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House Republicans demand that any FBI investigation into Parler's role in the Capitol riot must probe Facebook and Twitter, too

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GOP members allege social media giants 'profited' off Jan. 6 chaos

Photo Illustration by Pavlo Gonchar/SOPA Images/LightRocket via Getty Images

House Oversight Committee Chairwoman Carolyn Maloney (D-N.Y.) announced last week that she had asked the FBI to investigate social media company Parler for any role it might have played in the Jan. 6 riot at the U.S. Capitol.

However, Republican members of the committee have no intention of letting the Democratic chairwoman ignore any potential role Facebook or Twitter might have played in the Jan. 6 riot at the U.S. Capitol if she's going to go after Parler.

In a letter to Maloney on Monday, first reported by Fox News, Oversight ranking member James Comer (R-Ky.) and Rep. Greg Steube (R-Fla.) demanded that the chairwoman amend her FBI request to include Facebook and Twitter and pointed out her "overtly partisan" request that did not even bother to mention the potential role the social media giants may have played in the riot.

The letter said everyone responsible for the insurrection should be held to account, but, they added, the focus should not be on just one social media company that has a known right-of-center base. And her move, they said, simply exposed the increasing coordinated efforts of Big Tech and the Democratic Party to chill speech.

Like you, we were disturbed and angered by the riot and we believe those responsible should be prosecuted to the fullest extent of the law. But casting blame on a single social media company known for its conservative userbase while simply ignoring other social media companies known for sympathizing with liberal causes is blatantly and overtly partisan. Moreover, your letter is additional evidence of the growing alliance between Big Tech and Democrats to muzzle certain viewpoints, opinions, and perspectives.

The congressmen noted that Maloney's FBI investigation request omitted "the fact that other social media platforms were also facilitators of the January 6 riot."

"[A] cursory search of other social media platforms yields identical, disturbing posts, from across the political spectrum, advocating for a wide swathe of positions, demonizing an equally diverse group of people," they wrote.

The lawmakers noted that multiple reports showed riot plotters used Facebook and Twitter to plan and promote the insurrection:

Though your letter highlights several examples of disturbing, malignant posts made by extremists on Parler, it conveniently ignores messages sent on Facebook instructing people to “seal . . . in" Members of Congress in the tunnels below the Capitol and to “turn [the] gas on" — horrendous tactics reminiscent of humanity's darkest time. In one of the only conspiracy cases charged thus far stemming from the January 6 riot, the underlying facts show weeks of using Facebook to plan for the January 6 event. For example, Facebook posts, comments, and messages from between December 24, 2020 and January 5, 2021 indicate detailed planning about where to lodge and how to mobilize for January 6, including multiple references to “night hunting." One of the individuals involved in these Facebook activities was likely wearing paramilitary equipment during the attack on the Capitol.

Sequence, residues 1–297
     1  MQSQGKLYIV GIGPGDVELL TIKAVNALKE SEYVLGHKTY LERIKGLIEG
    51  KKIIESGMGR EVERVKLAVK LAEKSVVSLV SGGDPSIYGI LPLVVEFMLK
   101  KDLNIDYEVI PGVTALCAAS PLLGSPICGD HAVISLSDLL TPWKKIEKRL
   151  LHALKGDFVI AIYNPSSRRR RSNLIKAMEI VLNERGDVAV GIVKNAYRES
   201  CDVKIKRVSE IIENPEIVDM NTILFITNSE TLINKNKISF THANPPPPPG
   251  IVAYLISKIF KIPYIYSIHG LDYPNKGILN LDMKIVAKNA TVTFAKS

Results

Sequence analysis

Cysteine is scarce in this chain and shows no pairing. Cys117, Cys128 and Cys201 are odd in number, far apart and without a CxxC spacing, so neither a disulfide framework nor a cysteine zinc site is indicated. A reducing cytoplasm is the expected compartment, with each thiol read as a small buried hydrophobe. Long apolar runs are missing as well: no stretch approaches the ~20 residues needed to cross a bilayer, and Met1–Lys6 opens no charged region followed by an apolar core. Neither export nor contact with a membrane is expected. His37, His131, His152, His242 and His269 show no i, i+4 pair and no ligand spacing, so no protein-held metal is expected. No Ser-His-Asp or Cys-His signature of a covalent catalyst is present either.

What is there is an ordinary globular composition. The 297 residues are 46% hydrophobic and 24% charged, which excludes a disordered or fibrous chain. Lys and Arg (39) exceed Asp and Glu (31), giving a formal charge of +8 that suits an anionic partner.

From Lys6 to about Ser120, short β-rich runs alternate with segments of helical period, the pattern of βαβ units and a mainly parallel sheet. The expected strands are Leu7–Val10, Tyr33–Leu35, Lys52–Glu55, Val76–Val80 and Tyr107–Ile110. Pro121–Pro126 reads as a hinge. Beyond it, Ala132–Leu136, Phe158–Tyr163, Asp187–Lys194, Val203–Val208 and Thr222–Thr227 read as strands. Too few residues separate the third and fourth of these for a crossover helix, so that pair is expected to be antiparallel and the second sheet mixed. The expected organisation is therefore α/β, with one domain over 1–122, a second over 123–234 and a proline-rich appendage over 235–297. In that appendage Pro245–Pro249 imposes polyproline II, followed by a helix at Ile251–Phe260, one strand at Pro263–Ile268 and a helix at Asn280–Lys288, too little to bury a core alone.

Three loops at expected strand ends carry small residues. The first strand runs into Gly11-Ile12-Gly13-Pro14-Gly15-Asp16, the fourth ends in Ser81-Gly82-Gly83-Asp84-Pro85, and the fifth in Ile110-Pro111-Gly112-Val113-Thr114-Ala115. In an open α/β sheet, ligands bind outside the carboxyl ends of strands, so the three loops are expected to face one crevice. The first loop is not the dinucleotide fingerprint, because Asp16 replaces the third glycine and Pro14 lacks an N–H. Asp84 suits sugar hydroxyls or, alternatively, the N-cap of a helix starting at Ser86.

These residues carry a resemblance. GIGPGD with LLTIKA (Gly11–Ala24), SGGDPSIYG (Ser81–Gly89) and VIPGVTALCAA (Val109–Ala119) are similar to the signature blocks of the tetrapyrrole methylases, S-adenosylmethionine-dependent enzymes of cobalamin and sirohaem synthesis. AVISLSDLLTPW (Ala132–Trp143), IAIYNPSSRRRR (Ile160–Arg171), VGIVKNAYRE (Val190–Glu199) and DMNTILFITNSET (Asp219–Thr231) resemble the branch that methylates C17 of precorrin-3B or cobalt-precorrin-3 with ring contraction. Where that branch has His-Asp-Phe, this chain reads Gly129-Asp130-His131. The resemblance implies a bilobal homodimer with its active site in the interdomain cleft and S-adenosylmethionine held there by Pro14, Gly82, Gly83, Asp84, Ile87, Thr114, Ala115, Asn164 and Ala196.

A search of Twitter immediately after the riot found that accounts related to the QAnon conspiracy theory had referred to the January 6 date roughly 20,800 times prior to the attacks. After the riot, renewed calls to action from extremists online occurred on Twitter, encouraging events such as an “Armed March on All State Capitals" across the country.

They also stated that Facebook and Twitter "appear to have profited off of the January 6 riot." According to Comer and Steube's letter, the platforms generate more revenue during political turmoil because of increased engagement.

But, they noted, it seems unlikely that Democrats will want to appear to be going after Big Tech. After all, it could negatively impact Democratic coffers. The letter pointed out that during the 2020 election cycle nearly 93% of Facebook employees' federal election contributions went to Democrats. Twitter employees were even more likely to give to the Democratic Party, with 98.41% of their federal election donations to the party.

Maloney's move is clearly a "political ploy," the Republicans wrote, that is "taking advantage of the tragedy" in order to "shut down speech Democrats dislike."

"We request you amend your request for an FBI investigation to include Facebook and Twitter and the roles those companies played to contribute to the January 6 riot," they concluded.

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